How does our new Organic Chlorella help combat flu and cold?
Reseach studies, such as Yamauchi et al. (2011; 2012), and Otsuki et al. (2012), find Chlorella enhances SIgA levels in the mucus membranes.
Chlorella also enhances the blood levels of Natural Killer Cells (Kwak et al, 2012; Davis et al., 2010). And is shown effective by Azocar J, Diaz A. (2013) in the treatment of chronic Hepatitis C virus infection.
Therapeutic Food Protocol to support protection from colds and flus:
- Organic Chlorella- 4 to 10 tablet per day.
Lets discuss the science behind this amazing green plant:
Our body's mucous membranes are vulnerable "Ports of Entry" for pathogens entering into our body. Approximately, 95% of all infections are initiated at the mucosal surfaces: nose, throat, GI tract, urinary tract and lungs (Walsh, 2011).
Amongst its many valuable attributes it enhances our immune function, supports natural detoxification, supports cardiovascular health, helps balance the body's pH, and is a vegan protein source. In this Forward Thinking we are focusing on its immune system benefits.
Chlorella enhances SIgA levels in the mucous membranes throughout the body.
It is well understood that too strenous exercise can cause a lowering of the participants secretory IgA levels and increase their risk of illness. Epidemiolgoical studies suggest that highly trained athletes are more susceptible to upper respiratory tract infections compared with the general population (Yamauchi et al, 2011).
The focus of Yamauchi and associates study was to examine the relationship between Epstein-Barr viral (EBV) reactivation and the appearance of URS (Upper Respiratory Symptoms). Their results demonstrated that the number of URS increased along with the EBV-DNA expression and decrease of SigA levels.
This decrease suggests that the athletes were at an increased risk of developing an upper respiratory tract infection, and therefore, it could be necessary to take protective actions to minimize catching cold viruses or even activating endogenous viruses like EBV.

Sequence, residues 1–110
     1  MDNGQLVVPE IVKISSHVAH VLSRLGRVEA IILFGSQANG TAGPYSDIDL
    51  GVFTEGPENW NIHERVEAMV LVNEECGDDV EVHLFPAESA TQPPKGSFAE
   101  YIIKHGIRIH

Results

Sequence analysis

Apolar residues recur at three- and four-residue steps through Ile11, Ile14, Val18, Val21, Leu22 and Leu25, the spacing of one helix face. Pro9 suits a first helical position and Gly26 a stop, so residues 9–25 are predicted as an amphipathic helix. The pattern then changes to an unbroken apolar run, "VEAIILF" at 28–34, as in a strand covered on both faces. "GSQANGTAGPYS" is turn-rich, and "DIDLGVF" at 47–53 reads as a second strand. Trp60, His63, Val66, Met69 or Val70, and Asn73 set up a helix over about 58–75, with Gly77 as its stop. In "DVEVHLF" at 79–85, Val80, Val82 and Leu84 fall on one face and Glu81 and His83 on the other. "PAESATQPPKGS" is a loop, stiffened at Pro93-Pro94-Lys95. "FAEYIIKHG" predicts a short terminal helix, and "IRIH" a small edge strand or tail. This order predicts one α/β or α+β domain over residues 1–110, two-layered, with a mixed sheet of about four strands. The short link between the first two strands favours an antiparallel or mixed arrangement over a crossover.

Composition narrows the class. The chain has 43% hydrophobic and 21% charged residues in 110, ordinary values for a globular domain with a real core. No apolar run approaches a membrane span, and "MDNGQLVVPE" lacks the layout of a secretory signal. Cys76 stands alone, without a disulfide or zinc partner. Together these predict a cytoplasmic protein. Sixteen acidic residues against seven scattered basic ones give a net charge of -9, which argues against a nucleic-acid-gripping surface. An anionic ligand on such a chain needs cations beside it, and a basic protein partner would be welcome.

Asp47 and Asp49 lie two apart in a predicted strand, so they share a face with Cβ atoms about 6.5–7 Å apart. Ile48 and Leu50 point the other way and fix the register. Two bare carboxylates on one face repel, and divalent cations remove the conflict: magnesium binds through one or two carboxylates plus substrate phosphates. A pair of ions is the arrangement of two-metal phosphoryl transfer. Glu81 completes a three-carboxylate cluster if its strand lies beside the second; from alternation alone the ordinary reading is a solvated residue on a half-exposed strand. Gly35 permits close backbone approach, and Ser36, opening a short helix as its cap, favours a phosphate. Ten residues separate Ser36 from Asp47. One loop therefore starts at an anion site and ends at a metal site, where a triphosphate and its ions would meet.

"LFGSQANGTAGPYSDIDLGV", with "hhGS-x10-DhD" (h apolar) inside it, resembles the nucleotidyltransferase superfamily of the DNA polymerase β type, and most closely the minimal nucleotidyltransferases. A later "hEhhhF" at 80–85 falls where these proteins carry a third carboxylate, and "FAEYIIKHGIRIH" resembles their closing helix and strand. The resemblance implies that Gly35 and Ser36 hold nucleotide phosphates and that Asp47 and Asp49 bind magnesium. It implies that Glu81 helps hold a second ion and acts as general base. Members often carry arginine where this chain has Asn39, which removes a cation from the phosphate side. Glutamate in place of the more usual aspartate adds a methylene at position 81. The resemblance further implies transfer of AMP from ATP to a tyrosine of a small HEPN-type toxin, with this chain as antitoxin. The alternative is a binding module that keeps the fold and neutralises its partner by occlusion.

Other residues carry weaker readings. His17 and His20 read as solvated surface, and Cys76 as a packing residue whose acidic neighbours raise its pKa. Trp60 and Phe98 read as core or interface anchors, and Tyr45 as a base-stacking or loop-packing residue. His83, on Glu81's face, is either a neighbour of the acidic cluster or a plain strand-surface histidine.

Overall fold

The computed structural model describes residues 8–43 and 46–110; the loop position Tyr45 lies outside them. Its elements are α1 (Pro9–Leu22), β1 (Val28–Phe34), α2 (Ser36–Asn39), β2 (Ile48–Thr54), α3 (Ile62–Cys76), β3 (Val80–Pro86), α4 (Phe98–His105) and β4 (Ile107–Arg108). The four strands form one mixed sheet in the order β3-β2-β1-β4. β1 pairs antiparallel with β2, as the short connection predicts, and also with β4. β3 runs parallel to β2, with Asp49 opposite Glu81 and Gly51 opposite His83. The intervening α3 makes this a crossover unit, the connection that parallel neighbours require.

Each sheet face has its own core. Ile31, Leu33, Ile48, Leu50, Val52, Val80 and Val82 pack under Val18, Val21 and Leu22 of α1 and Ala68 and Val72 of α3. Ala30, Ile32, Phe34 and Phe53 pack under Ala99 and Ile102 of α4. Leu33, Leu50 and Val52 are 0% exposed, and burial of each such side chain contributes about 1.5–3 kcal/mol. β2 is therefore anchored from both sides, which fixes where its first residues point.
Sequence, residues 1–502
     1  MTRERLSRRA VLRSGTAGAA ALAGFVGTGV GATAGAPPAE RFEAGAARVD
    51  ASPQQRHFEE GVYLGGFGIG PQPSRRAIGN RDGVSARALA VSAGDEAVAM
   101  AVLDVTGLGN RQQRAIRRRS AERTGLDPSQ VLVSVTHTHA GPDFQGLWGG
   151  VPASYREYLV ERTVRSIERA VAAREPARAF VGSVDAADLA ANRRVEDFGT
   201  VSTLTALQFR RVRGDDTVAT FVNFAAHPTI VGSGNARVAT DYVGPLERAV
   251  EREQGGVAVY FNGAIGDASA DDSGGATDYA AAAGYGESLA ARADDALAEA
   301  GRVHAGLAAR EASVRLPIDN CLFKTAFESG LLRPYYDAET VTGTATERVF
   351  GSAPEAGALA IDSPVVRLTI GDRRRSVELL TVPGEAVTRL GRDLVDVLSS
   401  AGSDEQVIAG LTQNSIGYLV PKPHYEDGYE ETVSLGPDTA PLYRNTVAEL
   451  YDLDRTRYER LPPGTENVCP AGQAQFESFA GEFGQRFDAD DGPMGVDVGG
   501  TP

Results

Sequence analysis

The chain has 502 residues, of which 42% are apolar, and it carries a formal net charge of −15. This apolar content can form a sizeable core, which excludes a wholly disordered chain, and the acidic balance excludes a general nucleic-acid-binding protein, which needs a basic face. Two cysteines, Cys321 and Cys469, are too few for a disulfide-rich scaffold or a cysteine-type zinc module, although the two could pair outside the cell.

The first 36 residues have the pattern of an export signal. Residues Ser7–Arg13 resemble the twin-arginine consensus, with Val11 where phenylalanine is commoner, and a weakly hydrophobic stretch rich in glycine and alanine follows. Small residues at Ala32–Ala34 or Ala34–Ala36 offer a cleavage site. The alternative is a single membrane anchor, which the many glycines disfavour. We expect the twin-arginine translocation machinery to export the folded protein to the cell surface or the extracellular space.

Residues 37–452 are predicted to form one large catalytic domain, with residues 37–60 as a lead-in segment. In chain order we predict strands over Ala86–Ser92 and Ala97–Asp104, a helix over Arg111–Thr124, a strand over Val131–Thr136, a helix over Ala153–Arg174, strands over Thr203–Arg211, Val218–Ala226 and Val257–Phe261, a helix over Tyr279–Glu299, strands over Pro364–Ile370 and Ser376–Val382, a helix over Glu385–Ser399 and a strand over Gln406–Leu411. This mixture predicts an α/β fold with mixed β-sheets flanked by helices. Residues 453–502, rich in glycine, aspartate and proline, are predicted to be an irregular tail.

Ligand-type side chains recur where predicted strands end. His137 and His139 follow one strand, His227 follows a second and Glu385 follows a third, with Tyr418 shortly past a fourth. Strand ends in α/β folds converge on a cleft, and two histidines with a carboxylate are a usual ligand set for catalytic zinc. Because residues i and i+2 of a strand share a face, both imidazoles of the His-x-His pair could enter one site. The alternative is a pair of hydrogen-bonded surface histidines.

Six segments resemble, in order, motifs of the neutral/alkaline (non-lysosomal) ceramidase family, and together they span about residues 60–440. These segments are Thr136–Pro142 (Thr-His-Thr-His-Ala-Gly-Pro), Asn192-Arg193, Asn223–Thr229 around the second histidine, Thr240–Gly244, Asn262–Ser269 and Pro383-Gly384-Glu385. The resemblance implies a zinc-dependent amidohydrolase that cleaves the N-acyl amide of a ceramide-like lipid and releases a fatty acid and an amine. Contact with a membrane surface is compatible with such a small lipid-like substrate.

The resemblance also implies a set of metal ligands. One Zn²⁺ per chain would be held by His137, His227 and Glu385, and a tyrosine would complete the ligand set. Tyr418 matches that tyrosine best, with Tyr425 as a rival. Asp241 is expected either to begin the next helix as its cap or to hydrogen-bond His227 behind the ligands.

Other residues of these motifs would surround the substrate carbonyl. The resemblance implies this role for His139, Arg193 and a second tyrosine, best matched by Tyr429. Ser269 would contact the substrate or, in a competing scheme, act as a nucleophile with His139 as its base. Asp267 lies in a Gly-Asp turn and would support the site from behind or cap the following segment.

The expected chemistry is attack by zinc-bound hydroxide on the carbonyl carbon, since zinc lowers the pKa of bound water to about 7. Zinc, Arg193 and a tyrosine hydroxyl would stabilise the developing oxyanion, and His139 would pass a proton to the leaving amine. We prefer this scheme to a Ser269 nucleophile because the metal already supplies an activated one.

Reducing the training load would be one way to increase SIgA, but Otsuki et al. showed another way. In previous research Otsuki demonstrated that chlorella intake daily increased the secretion rate of SIgA in humans. In their later 2012 study they demonstrated that those participants in a Kendo training camp who consumed chlorella daily attenuated the drop in SIgA experienced by other participant who didn't take the chlorella supplement.
Chlorella enhances the blood levels of Natural Killer Cells (NK cells).
NK cells are cytotoxic effectors of innate immunity that distinguish between healthy and malignant or virally-infected cells. It is critical to have NK cells at optimal levels to protect the body from cancer and viral infections.
Kwak et al, (2012) demonstrated the beneficial effect of short-term [duration of study] Chlorella consumption on its enhancement of NK cell activity, and produced INF-y and IL-12 as well as IL-1beta, the Th-1 cell-induced cytokines.
Chlorella supplementation enhances clinical outcomes in patients with Hep. C.
It is estimated that up to 4 million persons in the US have chronic Hepatitis C virus infection (Davis et al., 2010). After three month of chlorella supplementation, hepatitis C patient reported as follows: Quality of Life- 76.9% of the participants reported an improvemtn in their energy levels, 46.1 % reported an improvemtn in the perception of general health, 84.6 % of these patients had a significant derease in their ALT levels (which is a marker for liver inflammation) from week 0 to week 12. Evaluation of side effects showed that Chlorella was well tolerated by all participants.
These results add to the growing literature on the beneficial immunostimulatory effect of Chlorella supplementation.
- Azocar J, Diaz A. (2013). Efficacy and safety of Chlorella supplementation in adults with chronic hepatitis C virus infection. World J Gastroenterol; 19(7): 1085-1090.
- Davis et al. (2010). Aging of Hepatitis C Virus (HCV)-Infected Persons in the United States: A Multiple Cohort Model of HCV Prevalence and Disease Progression. Gastroenterology; 1(38): 513-521.
- Klentrou et al. (2002). Effect of moderate exercise on salivary immunoglobiulin A and infection risk in humans. Eur J Appl Physiol; 87: 153-158.
- Kwak et al. (2012). Beneficial immunostimulatory effect of short-term Chlorella supplementation: enhancement of Natural Killer cell activity and early inflammatory response (Randomized, double-blinded, placebo-controlled trial). Nutrition Journal; 11: 53.
- Otsuki et al. (2012). Chlorella intake attenuataes reduced salivary SIgA secretion in kendo training camp particpants. Nutrition Journal; 11: 103
- Walsh et al. (2011). Part one: Immune function and exercise. Exerc Immunol Rev; 17: 6-63
- Yamauchi et al. Virus Activation and Immune Function During Intense Training in Rugby Football Players. (2011). Int J Sports; 32: 393-398
We have developed our products based on scientific research and/or the practical experience of many healthcare practitioners. There is a growing body of literature on food based nutrition and supplements and their application in support of our health. Please use our products under the advisement of your doctor.
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